Sorting in python

Sorting in python

Sorting means arranging a large number of values in a specific order such as ascending and descending, alphabetical, distance, etc. Python provides built-in functions that offer powerful features to do basic sorting or customize ordering at a smooth level. Python has a built-in sort() list method that modifies it in-place and a sorted() built-in function that builds a new sorted list from an iterable.


The easiest way to sort elements of a list is by using the built-in sort() function. It modifies the values of the original list in-place and returns None. The sort() method must be called on a list; it does not work on any other iterable. When it is called, it traverses the list elements in a loop and rearranges them. As the sort() method does not need to create a new list, so has a little faster and efficient execution as the elements to sort is already in a list. The syntax of the sort() method is:

list.sort(key = …, reverse = …)

If the sort() gets called without any parameters, it sorts the list in the ascending order by default. However, it can be customized through optional keyword arguments.

    • reverse (optional):- If “reverse = true”, then the list gets sorted in the descending order. By default its value is False.
    • key (optional):- key parameter defines the base criteria for sort. Its value should be a function that transforms each element before comparison.
#numeric list
num_list = [5, 2, 3, 1, 4]
#Output: [1, 2, 3, 4, 5]

#alphabetic list
str_list = ['e', 'a', 'U', 'o', 'I']
#Output: ['I', 'U', 'a', 'e', 'o']
#python sorting uses  the Unicode Code Point of the first letter in each string to determine sort order.

#boolean list
bool_list = [True, 1, 0, num_list == str_list, 'A' >= 'a']
#Output: [True, 1, 0, False, False]
         [0, False, False, True, 1]

#mixed list
mix_list = ['33',44,47,'12',True]
#Output: TypeError: '<' not supported between instances of 'int' and 'str'

#sorting list in reverse direction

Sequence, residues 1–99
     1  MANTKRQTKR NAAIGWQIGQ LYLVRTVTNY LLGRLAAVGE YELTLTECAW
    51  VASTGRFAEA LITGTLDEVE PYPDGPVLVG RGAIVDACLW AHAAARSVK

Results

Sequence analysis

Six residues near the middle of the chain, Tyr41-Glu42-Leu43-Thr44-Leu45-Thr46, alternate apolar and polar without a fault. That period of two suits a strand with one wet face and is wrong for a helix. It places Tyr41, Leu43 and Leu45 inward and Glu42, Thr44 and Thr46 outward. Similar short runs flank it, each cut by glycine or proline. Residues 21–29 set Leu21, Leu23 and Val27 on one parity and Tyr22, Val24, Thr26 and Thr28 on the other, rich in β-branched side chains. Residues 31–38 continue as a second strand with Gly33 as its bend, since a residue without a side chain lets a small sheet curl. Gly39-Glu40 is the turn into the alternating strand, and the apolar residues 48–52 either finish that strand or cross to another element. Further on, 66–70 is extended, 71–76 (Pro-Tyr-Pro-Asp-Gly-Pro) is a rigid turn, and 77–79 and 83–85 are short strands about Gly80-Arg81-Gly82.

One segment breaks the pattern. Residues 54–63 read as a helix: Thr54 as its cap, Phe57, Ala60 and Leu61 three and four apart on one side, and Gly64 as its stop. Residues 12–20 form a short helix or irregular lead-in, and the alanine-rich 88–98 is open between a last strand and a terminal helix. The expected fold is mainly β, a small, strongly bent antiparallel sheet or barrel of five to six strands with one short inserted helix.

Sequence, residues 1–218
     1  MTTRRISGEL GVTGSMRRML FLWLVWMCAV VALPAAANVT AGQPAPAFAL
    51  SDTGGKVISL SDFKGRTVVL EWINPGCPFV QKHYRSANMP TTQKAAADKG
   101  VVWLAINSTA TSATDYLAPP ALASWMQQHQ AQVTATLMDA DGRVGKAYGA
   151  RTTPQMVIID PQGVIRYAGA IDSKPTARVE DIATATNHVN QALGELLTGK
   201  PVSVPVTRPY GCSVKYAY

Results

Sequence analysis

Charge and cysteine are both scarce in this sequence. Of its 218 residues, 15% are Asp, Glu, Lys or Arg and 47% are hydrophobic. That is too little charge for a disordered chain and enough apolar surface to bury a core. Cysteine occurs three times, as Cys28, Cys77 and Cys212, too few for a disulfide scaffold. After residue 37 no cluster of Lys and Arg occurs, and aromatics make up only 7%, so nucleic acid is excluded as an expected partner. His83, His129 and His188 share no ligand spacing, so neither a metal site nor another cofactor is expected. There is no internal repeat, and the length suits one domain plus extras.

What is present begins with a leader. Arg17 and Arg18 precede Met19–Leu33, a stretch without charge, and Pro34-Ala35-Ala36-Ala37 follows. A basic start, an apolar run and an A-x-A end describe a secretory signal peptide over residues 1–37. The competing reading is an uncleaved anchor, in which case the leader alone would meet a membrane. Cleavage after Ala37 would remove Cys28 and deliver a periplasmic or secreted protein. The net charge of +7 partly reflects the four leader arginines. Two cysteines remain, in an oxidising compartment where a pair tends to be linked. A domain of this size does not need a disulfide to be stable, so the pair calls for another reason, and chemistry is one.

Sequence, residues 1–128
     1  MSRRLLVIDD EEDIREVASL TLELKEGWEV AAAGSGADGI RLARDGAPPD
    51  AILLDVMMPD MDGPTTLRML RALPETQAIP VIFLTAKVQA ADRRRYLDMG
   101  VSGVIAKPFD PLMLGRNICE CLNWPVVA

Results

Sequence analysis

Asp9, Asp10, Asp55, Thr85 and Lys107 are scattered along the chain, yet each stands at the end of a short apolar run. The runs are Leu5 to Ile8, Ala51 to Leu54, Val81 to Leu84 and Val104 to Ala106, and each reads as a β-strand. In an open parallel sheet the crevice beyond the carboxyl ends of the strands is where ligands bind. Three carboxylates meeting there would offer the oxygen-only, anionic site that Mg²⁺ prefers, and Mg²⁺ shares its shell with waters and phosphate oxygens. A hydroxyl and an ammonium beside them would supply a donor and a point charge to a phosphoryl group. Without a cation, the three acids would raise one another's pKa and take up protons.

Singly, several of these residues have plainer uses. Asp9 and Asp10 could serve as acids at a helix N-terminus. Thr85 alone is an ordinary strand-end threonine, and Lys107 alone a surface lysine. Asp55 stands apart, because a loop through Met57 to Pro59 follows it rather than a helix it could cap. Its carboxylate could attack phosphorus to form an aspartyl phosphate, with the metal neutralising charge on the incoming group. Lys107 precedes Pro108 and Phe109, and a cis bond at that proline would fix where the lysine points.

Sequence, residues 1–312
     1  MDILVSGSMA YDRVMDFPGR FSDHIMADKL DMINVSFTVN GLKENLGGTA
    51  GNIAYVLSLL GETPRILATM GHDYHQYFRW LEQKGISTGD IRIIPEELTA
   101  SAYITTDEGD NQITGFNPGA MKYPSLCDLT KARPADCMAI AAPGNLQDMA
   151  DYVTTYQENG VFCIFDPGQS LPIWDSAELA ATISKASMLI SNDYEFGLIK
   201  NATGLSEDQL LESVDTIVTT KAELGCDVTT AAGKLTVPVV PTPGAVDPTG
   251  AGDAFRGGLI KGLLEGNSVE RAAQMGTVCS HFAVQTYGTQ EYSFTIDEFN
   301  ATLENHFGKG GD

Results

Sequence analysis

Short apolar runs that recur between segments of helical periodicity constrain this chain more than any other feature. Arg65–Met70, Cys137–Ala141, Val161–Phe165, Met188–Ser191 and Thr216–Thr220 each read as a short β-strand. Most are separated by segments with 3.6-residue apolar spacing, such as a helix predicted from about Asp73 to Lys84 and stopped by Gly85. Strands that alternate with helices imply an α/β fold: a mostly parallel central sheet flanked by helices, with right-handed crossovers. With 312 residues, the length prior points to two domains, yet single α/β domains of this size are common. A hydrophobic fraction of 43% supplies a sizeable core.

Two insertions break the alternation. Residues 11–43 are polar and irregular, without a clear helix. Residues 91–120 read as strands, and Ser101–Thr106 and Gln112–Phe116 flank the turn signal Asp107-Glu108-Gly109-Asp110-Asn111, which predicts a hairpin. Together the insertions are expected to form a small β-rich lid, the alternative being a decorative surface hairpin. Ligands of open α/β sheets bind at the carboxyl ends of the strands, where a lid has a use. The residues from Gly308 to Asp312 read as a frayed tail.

num_list.sort(reverse = True) #sorting numeric list in descending 
#Output: [5, 4, 3, 2, 1]

str_list.sort(reverse = True) #sorting alphabetic list in descending 
#Output: ['o', 'e', 'a', 'U', 'I']

#custom key sorting
hi_list = ['Hi','Hello','Howdy','Hey']
hi_list.sort(key = len, reverse = True)
#Output: ['Hello', 'Howdy', 'Hey', 'Hi']
#length of each element in the list is determined by len() and then returned in descending order.

str_list.sort(key = str.lower)
#Output: ['a', 'e', 'I', 'o', 'U']
#key converted entire string to lowercase while sorting

#Nested list
nested_list = [[6, 9], [3, 23], [2, 3], [24, 16], [1, 57]]
nested_list.sort() #sorting according to first element of sublist
#Output: [[1, 57], [2, 3], [3, 23], [6, 9], [24, 16]]

#random list
random_list = [(2, 3), (3, 1), (4, 2), (1, 4)]
random_list.sort(key = lambda ele : ele[1]) #sorting according to second element of subtuple
#Output: [(3, 1), (4, 2), (2, 3), (1, 4)]

#custom list
custom_list = [
    {'Name': 'michael', 'Age': 32},
    {'Name': 'Theo', 'Age': 24},
    {'Name': 'ana', 'Age': 22},
    {'Name': 'Landon', 'Age': 27}

custom_list.sort(key = lambda ele : ele.get('Name').lower()) #sorting according to "Name" key of subdictionary 
#Output: [
    {'Name': 'ana', 'Age': 22}, 
    {'Name': 'landon', 'Age': 27},
    {'Name': 'michael', 'Age': 32},
    {'Name': 'Theo', 'Age': 24}

def get_key(key):
   return key.get('Age') #sorting according to "Age" key of subdictionary 
custom_list.sort(key = get_key)
#Output: [
    {'Name': 'ana', 'Age': 22},
    {'Name': 'Theo', 'Age': 24},
    {'Name': 'landon', 'Age': 27},
    {'Name': 'michael', 'Age': 32}


The sorted() built-in method performs the same as sort().  The difference is that it takes an iterable and returns a sorted list containing the items from the iterable, without modifying the original iterable. It provides the functionality to sort the objects of different data types. It performs the same as sort(). The difference is that it takes iterables The sorted function syntax is:

sorted(iterable, key = None, reverse = False)

Python sorted() uses the Timsort algorithm which is a hybrid sorting algorithm, derived from merge sort and insertion sort and has O(n log n) time complexity. If sorted() is called with no additional arguments then elements of iterable are sorted in ascending order.  Just list sort(), sorted() also has key and reverse optional keyword arguments that produce the same robust functionality.

    • iterable (required):-  sequence (list, tuple, string) or collection (dictionary, set) or any other iterator that needs to be sorted.
    • reverse (optional):- If “reverse = true”, then the iterable gets sorted in the descending order. By default its value is False.
    • key (optional):- key parameter defines the base criteria for sort. Its value should be a function that transforms each element before comparison.

Sorting List

#numeric list 
num_list = [5, 2, 3, 1, 4] 
print("Sorted list:",sorted(num_list))